Our HistoryA timeline of Snaith and Cowick
The form and character of Snaith & Cowick has been shaped over the centuries through its main role as a market and trade centre for the surrounding countryside from the mediaeval period until the twentieth century.
The most dominating landmark is the Priory Church of St. Lawrence. Snaith is also famous for the Old Mill Brewery and its narrow York-like streets. The Rivers Don and Aire run close to the town, and Snaith was a busy and important port in mediaeval times with a harbour and a ferry.
SNAITH & COWICK TIME LINE
The Ice Age ends leaving Lake Humber covering the area of North Lincolnshire to Selby covered with water. This slowly drains away.
8,000 – 4,000BC
Climate improvement allows trees to colonise the area. Man begins cultivating the area.
Roman maps show that no roads crossed our area because of the boggy conditions.
The Doomsday Book was produced indicating that Cowick was a royal possession, with a hunting lodge on the edge of Hatfield Chase and was not taxable.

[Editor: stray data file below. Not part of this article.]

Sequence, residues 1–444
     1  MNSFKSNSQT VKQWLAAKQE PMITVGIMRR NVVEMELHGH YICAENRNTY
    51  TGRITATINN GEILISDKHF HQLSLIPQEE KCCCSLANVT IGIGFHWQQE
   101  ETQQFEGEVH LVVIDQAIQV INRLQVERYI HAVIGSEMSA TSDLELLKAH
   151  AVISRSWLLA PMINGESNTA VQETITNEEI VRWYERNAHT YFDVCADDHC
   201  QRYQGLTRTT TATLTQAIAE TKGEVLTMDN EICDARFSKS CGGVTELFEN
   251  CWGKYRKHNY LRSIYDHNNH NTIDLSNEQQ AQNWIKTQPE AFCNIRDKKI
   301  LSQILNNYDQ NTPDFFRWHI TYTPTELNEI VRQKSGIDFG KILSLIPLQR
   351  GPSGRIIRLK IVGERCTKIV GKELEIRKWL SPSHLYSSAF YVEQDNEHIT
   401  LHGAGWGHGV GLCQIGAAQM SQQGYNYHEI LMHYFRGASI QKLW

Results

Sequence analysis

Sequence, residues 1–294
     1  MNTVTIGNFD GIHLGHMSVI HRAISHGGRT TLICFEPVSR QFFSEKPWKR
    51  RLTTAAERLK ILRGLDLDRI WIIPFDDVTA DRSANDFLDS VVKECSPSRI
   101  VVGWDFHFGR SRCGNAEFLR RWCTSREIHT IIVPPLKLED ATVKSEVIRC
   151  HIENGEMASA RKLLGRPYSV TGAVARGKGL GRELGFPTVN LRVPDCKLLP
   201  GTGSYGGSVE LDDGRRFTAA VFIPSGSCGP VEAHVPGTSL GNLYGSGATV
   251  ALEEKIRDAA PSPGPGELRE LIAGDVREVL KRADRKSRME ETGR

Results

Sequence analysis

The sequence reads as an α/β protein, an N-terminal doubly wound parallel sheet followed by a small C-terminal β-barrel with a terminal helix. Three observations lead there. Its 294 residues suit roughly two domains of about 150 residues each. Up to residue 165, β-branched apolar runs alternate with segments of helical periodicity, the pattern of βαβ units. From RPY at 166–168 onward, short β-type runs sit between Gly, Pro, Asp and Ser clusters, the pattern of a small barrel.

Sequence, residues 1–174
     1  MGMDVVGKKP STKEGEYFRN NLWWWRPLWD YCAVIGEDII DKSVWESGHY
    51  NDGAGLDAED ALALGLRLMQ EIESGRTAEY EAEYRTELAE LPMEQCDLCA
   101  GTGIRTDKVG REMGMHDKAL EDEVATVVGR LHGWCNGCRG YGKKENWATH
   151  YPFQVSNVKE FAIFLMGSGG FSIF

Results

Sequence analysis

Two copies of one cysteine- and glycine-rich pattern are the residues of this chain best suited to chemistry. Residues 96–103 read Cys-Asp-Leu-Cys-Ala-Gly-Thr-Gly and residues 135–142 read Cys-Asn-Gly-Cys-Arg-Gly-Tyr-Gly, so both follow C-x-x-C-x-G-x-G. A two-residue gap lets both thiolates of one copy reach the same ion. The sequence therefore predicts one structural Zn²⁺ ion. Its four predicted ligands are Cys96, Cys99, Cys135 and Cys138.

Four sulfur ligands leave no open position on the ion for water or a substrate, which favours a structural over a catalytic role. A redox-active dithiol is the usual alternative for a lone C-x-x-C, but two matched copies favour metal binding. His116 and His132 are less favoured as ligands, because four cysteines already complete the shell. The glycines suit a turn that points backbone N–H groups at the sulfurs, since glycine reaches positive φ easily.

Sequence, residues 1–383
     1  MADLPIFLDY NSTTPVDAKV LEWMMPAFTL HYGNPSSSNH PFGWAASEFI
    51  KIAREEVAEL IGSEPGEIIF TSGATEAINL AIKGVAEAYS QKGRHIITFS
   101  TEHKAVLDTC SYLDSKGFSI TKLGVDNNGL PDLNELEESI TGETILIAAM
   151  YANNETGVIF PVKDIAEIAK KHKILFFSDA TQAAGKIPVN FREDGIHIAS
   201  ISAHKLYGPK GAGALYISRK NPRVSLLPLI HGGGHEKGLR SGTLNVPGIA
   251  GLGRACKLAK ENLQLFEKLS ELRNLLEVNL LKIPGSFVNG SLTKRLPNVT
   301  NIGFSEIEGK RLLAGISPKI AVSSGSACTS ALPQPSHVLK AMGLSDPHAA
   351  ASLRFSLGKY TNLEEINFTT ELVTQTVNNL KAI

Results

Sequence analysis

Building work commences on Snaith Priory Church.
1200 – 1300AD
Cowick used for hunting by the Kings of England.
Snaith was granted a charter to hold markets and fairs. The Charter was read annually over the church wall until 1934.
Edward II held parliament at Cowick.
John of Gaunt spent his honeymoon at Cowick.
The Old Grammar School built, the first school building in Snaith.
Cornelius Vermuyden starts to drain Hatfield Chase with the permission of Charles I. He was later knighted by the king.
1660 – 1690AD
Viscount Downe leases Cowick from the crown and builds the present Cowick Hall.
An Act of Parliament was passed to allow the construction of the Aire and Calder Navigation System, to carry heavy goods including coal to the river, before Goole became a Town.
An Act of Parliament was passed to allow Thomas Stapleton of Carlton to build the Carlton Toll Bridge over the River Aire at a cost of £1,850.
The Snaith Enclosure Award was made, allowing landowners to enclose large areas of what had been common and open land for their own agricultural use.
First census of Snaith took place.
The building of Cowick Church and School were completed by the Lord Downe.
Snaith Agricultural Show started. It was held in Snaith Park.
Snaith Methodist Church is completed.
Snaith Commando started to celebrate the end of the Boer War. This was a carnival and parade, usually mounted often on bicycles, with people dressed up. It ran until the First World War and the parade went out as far as Rawcliffe.
The new bridge over the River Aire was built to replace the Toll Bridge at a cost of £65,000.
Cowick Hall was purchased by Croda International and restored to as we see it today.
M62 Motorway built.